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The probability that we pick any number for the first time is $\dfrac{1}{5}$

the sample space of sample spaces after the first event is then

{2,3,4,5}

{1,3,4,5}

{1,2,4,5}

{1,2,3,5}

{1,2,3,4}

prob. to pick an odd from the 1st sample space is $\dfrac{1}{2}$

prob. to pick an odd from the 2nd sample space is $\dfrac{3}{4}$

prob. to pick an odd from the 3rd sample space is $\dfrac{1}{2}$

prob. to pick an odd from the 4th sample space is $\dfrac{3}{4}$

prob. to pick an odd from the 5th sample space is $\dfrac{1}{2}$

The final result is:

$\dfrac{1}{5}$ * $\dfrac{1}{2}$ + $\dfrac{1}{5}$ * $\dfrac{3}{4}$ + $\dfrac{1}{5}$ * $\dfrac{1}{2}$ + $\dfrac{1}{5}$ * $\dfrac{3}{4}$ + $\dfrac{1}{5}$ * $\dfrac{1}{2}$ = $\dfrac{3}{5}$

Is this reasoning correct? Are there any simpler ways to solve this problem?

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  • $\begingroup$ The probability that we pick any number for the first time is technically 1. $\endgroup$
    – bjb568
    Mar 26, 2015 at 1:11

5 Answers 5

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There is a simpler way. No digit should have an inherent advantage of being picked second. So since 3 of the 5 digits are odd, there is a $\frac{3}{5}$ chance of the second number picked being odd.

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    $\begingroup$ Great insight. Its these un-intuitive insights that makes probability hard for most (including me). @StevenClontz had updated his answer to provide little more explanation. $\endgroup$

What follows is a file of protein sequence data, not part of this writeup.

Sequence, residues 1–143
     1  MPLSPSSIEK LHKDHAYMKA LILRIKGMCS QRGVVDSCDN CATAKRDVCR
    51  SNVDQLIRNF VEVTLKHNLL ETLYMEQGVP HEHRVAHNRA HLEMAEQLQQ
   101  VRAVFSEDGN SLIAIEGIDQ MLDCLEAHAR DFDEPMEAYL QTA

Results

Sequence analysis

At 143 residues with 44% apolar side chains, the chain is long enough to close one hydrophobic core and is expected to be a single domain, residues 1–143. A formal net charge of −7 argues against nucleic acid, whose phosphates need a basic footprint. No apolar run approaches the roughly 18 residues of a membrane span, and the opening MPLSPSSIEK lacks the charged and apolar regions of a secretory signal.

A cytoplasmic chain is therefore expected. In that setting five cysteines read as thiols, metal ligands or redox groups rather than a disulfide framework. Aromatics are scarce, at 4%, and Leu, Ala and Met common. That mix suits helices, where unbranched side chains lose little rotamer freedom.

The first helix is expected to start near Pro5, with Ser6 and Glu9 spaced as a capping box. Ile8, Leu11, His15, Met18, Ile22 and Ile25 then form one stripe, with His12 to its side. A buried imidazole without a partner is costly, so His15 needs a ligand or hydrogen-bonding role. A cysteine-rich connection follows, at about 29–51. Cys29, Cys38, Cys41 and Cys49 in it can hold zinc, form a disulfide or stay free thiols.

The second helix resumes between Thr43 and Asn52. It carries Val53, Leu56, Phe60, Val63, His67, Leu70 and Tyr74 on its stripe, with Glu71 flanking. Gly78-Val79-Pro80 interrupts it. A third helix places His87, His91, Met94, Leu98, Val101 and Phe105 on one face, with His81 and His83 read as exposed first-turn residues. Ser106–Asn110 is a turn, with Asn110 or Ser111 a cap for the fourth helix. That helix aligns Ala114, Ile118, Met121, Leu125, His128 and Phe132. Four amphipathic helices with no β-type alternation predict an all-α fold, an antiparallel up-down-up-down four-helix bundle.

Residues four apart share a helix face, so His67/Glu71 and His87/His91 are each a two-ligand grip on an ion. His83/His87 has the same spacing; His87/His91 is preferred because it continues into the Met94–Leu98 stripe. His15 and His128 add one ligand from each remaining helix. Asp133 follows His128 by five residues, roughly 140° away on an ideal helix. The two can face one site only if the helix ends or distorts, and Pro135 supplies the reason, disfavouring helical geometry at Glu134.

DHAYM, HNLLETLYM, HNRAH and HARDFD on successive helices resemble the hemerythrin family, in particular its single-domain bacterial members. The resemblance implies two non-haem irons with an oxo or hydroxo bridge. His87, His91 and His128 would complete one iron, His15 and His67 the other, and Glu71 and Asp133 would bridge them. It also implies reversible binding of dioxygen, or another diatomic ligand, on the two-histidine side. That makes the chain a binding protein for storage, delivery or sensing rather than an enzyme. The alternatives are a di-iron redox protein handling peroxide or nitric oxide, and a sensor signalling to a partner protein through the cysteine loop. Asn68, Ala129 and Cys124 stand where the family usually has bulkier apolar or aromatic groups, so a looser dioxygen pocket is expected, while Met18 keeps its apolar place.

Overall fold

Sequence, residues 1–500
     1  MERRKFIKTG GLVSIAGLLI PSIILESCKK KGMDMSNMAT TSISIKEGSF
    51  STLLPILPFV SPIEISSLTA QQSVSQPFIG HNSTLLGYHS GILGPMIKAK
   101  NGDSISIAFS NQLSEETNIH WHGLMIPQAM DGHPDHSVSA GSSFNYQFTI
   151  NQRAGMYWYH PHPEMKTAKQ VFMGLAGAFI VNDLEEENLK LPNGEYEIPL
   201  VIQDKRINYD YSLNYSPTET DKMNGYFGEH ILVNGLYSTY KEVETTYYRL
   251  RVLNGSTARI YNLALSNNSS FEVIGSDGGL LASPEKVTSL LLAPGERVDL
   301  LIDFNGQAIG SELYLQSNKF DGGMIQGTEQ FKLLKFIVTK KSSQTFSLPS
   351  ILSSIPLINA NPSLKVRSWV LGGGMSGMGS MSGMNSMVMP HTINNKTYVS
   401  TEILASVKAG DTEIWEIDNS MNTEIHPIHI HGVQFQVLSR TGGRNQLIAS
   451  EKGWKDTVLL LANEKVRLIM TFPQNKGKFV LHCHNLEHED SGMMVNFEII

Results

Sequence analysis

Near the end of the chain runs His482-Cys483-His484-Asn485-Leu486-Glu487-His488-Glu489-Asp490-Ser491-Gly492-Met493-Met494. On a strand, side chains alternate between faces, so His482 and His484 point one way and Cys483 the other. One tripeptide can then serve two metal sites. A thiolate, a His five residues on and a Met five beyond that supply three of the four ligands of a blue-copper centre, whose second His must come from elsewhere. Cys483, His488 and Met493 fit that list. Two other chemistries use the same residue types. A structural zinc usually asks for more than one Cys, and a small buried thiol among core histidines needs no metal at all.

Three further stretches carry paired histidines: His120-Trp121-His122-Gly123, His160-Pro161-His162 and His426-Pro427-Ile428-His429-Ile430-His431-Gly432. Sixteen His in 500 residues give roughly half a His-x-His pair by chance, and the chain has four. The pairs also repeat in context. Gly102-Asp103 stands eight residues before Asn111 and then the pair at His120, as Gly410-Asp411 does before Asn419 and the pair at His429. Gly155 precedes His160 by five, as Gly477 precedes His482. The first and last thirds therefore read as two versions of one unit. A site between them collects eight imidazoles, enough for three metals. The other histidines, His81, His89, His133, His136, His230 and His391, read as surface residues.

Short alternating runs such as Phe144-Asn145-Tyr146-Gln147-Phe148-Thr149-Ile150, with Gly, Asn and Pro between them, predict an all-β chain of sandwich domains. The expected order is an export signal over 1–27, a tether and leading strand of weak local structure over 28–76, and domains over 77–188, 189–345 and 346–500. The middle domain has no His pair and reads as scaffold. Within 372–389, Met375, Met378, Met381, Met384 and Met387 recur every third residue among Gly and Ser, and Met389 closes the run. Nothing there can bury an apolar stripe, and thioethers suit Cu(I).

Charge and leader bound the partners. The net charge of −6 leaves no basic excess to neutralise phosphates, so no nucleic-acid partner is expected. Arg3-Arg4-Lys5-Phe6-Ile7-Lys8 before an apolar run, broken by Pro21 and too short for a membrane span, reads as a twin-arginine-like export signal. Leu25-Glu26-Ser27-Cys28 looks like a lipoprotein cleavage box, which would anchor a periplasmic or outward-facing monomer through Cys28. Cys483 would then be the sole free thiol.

– leesei
    Mar 26, 2015 at 4:03
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The probability we pick an odd number first is $\frac{3}{5}$. Then the probability of another odd number being chosen from the remaining numbers is $\frac{2}{4}=\frac{1}{2}$. Put together, the probability is $\frac{3}{5}\times\frac{1}{2}=\frac{3}{10}$.

The probability we pick an even number first is $\frac{2}{5}$. Then the probability of an odd number being chosen from the remaining numbers is $\frac{3}{4}$. Put together, the probability is $\frac{2}{5}\times\frac{3}{4}=\frac{3}{10}$.

The probability that the second number being chosen is odd is the sum of these two probabilities. So $\frac{3}{10}+\frac{3}{10}=\frac{3}{5}$ is the correct answer.


As others have noted, picking randomly could also be thought of as shuffling the numbers like a deck of cards, and then choosing top to bottom. Of course, there's a $\frac{3}{5}$ chance that the second "card" would be an odd number, but it's nice to see that the conditional probability works out as well.

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There are simpler ways. There is absolutely no preference between the numbers, so each number is equally likely to be the second one drawn. Since 3 of 5 numbers are odd, the probability is 3/5 that an odd number is drawn.

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You are probably familiar with "tree diagrams" to solve these types of problems. For the first pick you have a (2/5) chance to remove an even, and a (3/5) chance to remove an odd.

When you remove an odd first, there are only (2/4) odds left. Meanwhile, if you remove an even first, there are now (3/4) odds left.

Finally (2/5)(3/4)+(3/5)(2/4) = (6/20)+(6/20) = (12/20) = (3/5)

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There's another (exhaustive) way of seeing it, and it's counting.

Let us represent the act of picking a number $a$ and then a number $b$ by $(a,b)$, we then have $5\times 4=20$ of this possible "actions". Now, the cases that favors your situation are:

$$(1,3),(1,5),(2,1),(2,3),(2,5),(3,1),(3,5),(4,1),(4,3),(4,5),(5,1),(5,3)\ .$$

Since there are $12$ favor cases, the probablity is $12/20=3/5$. It's not easier, it's just another way of seeing it.

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